Sprinkler System Design
The Legislative Assembly Building has been the seat of government in New Brunswick since it opened in 1882. The building has been officially declared a protected historic site under the Historic Sites Protection Act.
The building interior is timber construction consisting of two above grade floors, a large attic space, and a basement. The main fire protection feature in the building was a dry pipe sprinkler system that was installed in 1933-1934. Since then sections of the system’s piping were replaced and the building has undergone changes.
System testing confirmed that the system would not perform as intended. The main issues were:
- Corrosion of original black steel pipe
- Obstructed piping impeding water flow
- Poor water supply
PLC was retained to prepare the design for the replacement of the sprinkler protection for the building on a phased basis over 4 years. The phases included:
- Firewater booster pump installation
- Attic space protection
- Second Floor and Basement protection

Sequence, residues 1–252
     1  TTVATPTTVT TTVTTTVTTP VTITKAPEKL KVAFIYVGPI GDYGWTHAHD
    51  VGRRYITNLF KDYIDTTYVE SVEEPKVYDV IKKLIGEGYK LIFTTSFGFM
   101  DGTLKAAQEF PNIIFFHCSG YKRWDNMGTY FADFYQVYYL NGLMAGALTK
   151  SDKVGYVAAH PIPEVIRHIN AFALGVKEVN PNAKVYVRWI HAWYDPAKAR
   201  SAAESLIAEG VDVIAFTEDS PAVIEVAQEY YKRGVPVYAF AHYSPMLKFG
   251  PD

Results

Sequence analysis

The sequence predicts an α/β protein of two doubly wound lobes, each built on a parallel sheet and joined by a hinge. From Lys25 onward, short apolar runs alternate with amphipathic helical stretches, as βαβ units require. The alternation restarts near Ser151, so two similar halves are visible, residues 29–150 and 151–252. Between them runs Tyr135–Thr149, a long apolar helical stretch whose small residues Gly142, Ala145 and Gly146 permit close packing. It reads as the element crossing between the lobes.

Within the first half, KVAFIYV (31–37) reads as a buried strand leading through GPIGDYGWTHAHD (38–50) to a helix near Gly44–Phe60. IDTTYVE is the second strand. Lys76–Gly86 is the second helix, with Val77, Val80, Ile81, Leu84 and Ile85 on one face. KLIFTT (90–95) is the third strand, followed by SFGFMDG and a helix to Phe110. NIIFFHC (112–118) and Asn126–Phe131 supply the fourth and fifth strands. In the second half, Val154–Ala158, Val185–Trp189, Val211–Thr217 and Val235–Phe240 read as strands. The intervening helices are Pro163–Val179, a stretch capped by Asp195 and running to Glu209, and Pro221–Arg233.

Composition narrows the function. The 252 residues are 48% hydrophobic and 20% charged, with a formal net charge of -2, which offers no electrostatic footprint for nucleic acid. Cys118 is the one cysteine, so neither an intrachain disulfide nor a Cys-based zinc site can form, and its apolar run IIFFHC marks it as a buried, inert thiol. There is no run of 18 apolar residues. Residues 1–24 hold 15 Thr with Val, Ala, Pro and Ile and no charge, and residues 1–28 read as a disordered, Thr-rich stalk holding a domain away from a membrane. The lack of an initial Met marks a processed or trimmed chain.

- Ground Floor and remaining miscellaneous areas
The PLC work included preparation of tender documents (drawings and specifications) for bid purposes as well as construction contract administration duties.
The main challenges with the project included:
- Available drawings did not accurately reflect the existing sprinkler system layout
- Presence of combustible concealed spaces throughout building
- Need to retain historic characteristic of occupied spaces by minimizing exposed piping
Much of the existing sprinkler piping was concealed in finished walls and ceiling spaces. Due to the lack of accurate sprinkler system drawings non-destructive and minimal destructive investigation methods were used to locate existing pipe runs.
Sprinkler locations and pipe runs were designed to match the existing system locations where possible. Where practical, to maintain the characteristics of the building, sprinkler piping was concealed in ceiling and wall spaces. Also, where practical, sprinkler protection was provided in concealed spaces. Where it was not practical to sprinkler concealed spaces, such as combustible spaces in floor assemblies, filling the spaces with noncombustible insulation was done to comply with NFPA 13.
PLC oversaw construction contract administration for this project, with great consideration given to the impact of the sprinkler system piping retrofit on the heritage value of this historic building. Among the obstacles encountered were ensuring that all concealed spaces were found and properly protected, repairing plaster finishes and phased construction.